SANTA CRUZ COUNTY—The Santa Cruz County Regional Transportation Commission (RTC) Board of Directors on Thursday approved a spending plan for $11.2 million in state and federal funding, which will be allocated over a wide range of transportation-related projects countywide.
The funding includes $4.5 million from the State Transportation Improvement Program, $3.7 million from the Surface Transportation Block Grant Program, $2.6 million from the Coronavirus Response and Relief Supplemental Appropriations Act and $500,000 from the Highway Infrastructure Program.
The funds can be used for transportation projects such as highways and roads, in addition to rail, bicycle and pedestrian uses.
Among the projects approved is $825,000 for resurfacing three miles of San Andreas Road from Manresa State Beach to Sunset Beach Road, and resurfacing 1.4 miles of Holohan Road from Green Valley Road to Highway 152. The commission also allocated $1.2 million for Watsonville’s Complete Streets Downtown project, which includes pedestrian and bicycle improvements along Rodriguez, Brennan and Union streets.
In Capitola, $492,000 is allocated to improvements on three intersections on 41st Avenue, and $1 million will be used to replace Metro busses with more environmentally friendly ones.
RTC Senior Transportation Planner Rachel Moriconi said that staff chose the projects after soliciting requests from the public earlier this year, which garnered 19 applications totaling $26 million, more than twice what was available. In the end, she said that most received partial funding.
“It’s always nice to have money, but it’s never enough money,” Moriconi said.
While the commissioners signaled their support for the original staff recommended funding, a small 7-5 majority supported an amendment by Commissioner Manu Koenig to shift $2 million to county projects, a sum that must now come from other projects.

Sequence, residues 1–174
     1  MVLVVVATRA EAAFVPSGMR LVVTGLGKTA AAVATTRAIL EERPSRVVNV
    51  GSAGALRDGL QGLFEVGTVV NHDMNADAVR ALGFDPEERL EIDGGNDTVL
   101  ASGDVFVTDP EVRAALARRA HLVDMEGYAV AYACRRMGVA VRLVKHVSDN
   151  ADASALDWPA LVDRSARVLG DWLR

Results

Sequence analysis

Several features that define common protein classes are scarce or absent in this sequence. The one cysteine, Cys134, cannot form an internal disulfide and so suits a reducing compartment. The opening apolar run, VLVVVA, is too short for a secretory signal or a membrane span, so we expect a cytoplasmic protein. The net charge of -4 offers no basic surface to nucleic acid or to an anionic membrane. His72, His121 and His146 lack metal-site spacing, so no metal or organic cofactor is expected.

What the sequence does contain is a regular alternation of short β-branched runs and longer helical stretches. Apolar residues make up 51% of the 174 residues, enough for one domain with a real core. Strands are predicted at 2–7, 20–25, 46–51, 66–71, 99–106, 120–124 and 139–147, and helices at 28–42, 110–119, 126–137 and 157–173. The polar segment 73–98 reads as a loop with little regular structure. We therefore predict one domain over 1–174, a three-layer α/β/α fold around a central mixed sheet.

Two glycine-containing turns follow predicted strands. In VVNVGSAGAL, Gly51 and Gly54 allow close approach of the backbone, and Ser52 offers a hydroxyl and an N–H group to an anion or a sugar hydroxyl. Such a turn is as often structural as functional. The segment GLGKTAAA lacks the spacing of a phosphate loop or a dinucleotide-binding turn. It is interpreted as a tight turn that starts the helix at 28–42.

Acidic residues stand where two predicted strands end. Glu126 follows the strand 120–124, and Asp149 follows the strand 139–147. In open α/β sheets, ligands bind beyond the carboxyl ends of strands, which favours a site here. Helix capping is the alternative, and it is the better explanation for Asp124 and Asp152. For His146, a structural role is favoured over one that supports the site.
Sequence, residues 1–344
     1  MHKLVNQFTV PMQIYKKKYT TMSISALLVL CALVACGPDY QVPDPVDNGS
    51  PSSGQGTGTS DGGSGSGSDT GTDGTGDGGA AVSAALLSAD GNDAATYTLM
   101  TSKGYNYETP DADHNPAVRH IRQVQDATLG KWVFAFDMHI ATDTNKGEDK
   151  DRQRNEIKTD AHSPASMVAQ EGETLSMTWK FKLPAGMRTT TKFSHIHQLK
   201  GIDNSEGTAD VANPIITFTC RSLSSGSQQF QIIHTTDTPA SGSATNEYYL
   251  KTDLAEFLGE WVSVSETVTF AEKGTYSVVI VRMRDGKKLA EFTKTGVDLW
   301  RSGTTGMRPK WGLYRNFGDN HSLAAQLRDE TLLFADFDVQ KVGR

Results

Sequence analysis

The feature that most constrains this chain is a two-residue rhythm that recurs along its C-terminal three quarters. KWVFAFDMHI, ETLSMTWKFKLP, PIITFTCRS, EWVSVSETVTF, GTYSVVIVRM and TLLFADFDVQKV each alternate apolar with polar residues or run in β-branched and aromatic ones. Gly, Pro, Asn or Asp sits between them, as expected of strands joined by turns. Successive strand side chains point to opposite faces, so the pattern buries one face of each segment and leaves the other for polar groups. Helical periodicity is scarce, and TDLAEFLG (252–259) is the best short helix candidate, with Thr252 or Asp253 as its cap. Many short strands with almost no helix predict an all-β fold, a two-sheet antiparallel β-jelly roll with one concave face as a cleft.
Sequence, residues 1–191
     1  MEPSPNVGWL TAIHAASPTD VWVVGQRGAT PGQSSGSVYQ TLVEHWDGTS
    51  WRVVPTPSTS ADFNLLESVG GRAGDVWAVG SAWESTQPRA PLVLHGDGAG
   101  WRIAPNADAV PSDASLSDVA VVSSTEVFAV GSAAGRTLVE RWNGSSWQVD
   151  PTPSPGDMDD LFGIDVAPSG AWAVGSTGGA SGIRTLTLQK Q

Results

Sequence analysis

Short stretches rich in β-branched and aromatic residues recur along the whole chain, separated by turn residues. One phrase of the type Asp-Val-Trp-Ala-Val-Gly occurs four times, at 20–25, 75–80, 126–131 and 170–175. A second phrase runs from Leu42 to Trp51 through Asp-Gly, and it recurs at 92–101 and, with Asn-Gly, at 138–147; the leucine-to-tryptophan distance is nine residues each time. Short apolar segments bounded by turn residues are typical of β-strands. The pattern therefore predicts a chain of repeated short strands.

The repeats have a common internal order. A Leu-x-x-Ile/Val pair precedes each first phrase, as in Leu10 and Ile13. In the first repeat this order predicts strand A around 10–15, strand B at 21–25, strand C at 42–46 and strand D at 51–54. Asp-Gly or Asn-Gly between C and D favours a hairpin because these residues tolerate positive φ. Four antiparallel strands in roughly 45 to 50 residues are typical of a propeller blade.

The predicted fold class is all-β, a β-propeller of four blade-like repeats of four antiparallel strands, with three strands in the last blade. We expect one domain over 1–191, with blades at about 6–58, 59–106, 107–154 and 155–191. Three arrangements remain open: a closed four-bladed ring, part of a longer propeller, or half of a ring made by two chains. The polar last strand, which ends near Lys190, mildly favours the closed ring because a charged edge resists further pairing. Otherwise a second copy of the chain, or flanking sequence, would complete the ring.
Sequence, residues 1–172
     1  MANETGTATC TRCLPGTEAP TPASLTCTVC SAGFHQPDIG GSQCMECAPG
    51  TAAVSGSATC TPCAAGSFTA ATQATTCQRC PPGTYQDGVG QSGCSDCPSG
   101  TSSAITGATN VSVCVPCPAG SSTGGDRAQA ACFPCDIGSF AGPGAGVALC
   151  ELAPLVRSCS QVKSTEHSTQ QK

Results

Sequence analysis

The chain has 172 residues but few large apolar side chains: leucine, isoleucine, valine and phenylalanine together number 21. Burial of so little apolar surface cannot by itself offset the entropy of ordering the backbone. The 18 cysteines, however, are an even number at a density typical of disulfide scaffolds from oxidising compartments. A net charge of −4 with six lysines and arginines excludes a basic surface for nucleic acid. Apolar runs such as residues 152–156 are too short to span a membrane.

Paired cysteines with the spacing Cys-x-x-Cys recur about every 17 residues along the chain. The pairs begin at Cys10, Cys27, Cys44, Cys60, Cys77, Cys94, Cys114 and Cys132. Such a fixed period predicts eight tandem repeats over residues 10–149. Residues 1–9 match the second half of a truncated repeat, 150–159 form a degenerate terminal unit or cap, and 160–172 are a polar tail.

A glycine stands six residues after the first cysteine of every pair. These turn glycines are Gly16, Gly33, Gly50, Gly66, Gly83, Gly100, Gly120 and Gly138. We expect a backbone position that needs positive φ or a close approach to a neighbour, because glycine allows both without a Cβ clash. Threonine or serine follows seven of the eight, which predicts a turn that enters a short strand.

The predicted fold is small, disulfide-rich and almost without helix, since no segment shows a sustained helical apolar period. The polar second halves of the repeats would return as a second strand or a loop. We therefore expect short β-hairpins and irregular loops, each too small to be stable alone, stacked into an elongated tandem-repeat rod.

Since that money cannot come from city-funded projects, it will have to come from such sources as Ecology Action, Lift Line, Santa Cruz METRO and the SLV Schools Complex Circulation and Access Study, all of which requested and received funding, according to RTC spokeswoman Shannon Munz.
It could also be diverted from a project that would provide auxiliary lanes on Highway 1 between Freedom Boulevard and State Park Drive, construct a bus-on-shoulder facility, construct sound walls and retaining walls and build a 1.25-mile segment of the coastal rail trail.
RTC staff is now tasked with determining from where the $2 million will be diverted.
Commissioner Bruce McPherson, like many board members, said that focusing on fixing the roads will in turn bolster other types of transportation.
“These are tough choices to make, but I think that our roads need it more than ever,” McPherson said.
Koenig agreed, calling fixing the county’s aging roadways the “most universal” investment the county can make. He also called for improving pedestrian infrastructure, which he said has been “consistently underfunded.”
For a complete list of projects, visit bit.ly/3xPZFoY.